According to Facebook, the data it collects will include “relevant content,” activity on Oculus, and what apps are being used. However, the company was quick to point out that it will not use mapping data from the interior of users’ homes to target advertising. It also reiterated that users will still have control over their privacy settings.
“You can choose whether you want to add your Facebook friends as your Oculus friends automatically (depending on their settings), and you control who can see your Facebook real name on Oculus,” Facebook said in a statement. “You will always be able to choose what information you post to your Facebook profile or timeline, either by giving permission to post or by updating your privacy settings.”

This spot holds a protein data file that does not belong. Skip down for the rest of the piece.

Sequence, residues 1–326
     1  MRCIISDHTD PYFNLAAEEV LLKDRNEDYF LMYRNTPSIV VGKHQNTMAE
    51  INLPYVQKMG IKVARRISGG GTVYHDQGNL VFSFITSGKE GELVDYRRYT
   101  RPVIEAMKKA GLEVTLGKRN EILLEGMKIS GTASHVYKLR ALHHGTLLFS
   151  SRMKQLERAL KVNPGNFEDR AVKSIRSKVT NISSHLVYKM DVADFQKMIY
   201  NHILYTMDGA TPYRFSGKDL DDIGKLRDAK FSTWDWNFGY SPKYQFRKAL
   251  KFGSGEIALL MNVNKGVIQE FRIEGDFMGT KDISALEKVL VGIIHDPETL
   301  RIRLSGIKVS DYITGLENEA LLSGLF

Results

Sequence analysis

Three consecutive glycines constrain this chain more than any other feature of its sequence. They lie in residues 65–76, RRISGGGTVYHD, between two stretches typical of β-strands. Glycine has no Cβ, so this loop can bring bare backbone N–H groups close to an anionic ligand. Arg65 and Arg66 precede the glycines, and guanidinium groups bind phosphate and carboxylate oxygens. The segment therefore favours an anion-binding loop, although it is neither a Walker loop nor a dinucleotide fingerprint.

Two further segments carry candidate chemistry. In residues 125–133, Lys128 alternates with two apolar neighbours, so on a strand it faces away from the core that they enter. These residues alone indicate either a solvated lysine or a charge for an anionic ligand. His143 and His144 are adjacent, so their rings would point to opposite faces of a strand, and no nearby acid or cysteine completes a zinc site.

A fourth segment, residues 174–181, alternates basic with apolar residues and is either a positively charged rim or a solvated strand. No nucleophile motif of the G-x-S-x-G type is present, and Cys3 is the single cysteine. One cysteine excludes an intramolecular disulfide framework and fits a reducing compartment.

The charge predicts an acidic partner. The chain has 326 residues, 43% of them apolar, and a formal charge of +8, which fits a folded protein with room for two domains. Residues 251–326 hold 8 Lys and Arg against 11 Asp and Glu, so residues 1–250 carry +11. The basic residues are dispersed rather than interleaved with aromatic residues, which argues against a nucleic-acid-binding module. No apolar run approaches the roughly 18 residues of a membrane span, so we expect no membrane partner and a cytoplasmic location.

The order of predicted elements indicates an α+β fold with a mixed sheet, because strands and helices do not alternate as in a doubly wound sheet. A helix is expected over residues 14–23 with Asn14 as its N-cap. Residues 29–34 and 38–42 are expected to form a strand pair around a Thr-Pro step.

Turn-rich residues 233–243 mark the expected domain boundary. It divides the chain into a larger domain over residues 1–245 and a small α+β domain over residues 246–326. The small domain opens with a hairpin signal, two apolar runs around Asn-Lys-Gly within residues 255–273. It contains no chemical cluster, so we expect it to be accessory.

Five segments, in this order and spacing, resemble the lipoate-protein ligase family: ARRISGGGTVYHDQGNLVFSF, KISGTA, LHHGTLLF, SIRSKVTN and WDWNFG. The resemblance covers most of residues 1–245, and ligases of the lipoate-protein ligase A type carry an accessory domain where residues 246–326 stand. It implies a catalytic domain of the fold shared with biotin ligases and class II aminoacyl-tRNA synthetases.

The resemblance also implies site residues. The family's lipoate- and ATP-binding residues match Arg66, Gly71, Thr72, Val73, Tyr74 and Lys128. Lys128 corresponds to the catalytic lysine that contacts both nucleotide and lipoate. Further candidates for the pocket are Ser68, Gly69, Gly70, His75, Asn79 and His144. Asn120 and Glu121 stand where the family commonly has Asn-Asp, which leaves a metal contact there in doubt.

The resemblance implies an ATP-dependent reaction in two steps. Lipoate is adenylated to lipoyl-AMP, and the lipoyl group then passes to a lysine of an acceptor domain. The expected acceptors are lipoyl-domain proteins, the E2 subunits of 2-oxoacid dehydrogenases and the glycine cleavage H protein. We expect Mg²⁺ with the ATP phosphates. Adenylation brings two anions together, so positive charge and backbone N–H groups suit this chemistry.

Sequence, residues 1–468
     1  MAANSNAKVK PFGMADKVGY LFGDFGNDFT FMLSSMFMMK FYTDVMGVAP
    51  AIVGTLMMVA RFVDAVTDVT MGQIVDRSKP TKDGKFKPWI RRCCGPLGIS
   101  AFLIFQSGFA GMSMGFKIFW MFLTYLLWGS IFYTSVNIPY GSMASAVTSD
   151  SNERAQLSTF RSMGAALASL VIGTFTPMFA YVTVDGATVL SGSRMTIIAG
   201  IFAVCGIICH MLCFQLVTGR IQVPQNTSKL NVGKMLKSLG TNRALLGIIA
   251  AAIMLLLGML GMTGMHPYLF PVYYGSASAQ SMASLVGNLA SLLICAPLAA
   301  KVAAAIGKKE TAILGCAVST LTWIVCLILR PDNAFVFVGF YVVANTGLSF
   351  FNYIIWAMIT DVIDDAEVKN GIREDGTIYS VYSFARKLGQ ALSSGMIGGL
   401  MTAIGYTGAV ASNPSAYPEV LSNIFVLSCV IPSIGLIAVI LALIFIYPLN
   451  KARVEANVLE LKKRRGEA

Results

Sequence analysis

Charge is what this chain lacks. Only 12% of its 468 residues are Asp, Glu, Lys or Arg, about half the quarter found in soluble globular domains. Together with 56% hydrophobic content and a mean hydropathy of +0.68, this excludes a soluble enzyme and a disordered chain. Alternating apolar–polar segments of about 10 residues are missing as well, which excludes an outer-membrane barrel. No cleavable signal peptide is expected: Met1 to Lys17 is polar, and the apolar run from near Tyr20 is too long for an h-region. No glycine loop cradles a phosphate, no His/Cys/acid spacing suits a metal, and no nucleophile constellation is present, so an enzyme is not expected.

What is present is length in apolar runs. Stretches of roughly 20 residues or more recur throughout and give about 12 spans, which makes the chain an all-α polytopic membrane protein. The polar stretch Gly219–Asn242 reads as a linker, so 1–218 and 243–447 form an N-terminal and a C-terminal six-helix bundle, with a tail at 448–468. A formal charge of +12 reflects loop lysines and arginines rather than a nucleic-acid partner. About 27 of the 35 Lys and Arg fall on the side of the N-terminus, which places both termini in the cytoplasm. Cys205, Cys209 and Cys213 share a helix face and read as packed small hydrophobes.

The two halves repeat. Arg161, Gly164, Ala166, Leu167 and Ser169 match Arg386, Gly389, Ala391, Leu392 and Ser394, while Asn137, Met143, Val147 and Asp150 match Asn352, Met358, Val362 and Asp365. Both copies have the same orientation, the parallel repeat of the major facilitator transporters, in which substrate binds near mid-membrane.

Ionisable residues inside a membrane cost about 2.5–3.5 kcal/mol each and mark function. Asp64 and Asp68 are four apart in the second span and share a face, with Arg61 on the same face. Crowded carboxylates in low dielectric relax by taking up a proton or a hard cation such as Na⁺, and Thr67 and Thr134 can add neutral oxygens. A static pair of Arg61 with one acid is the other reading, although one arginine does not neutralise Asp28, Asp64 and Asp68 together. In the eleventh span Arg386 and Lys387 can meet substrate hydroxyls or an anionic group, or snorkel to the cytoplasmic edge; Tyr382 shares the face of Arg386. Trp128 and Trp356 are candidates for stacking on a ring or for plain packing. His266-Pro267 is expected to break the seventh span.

Oculus hardware is expensive, so this issue doesn’t affect all that many people. However, it is indicative of Facebook’s larger attitude toward user data — and that attitude isn’t always conducive to privacy.
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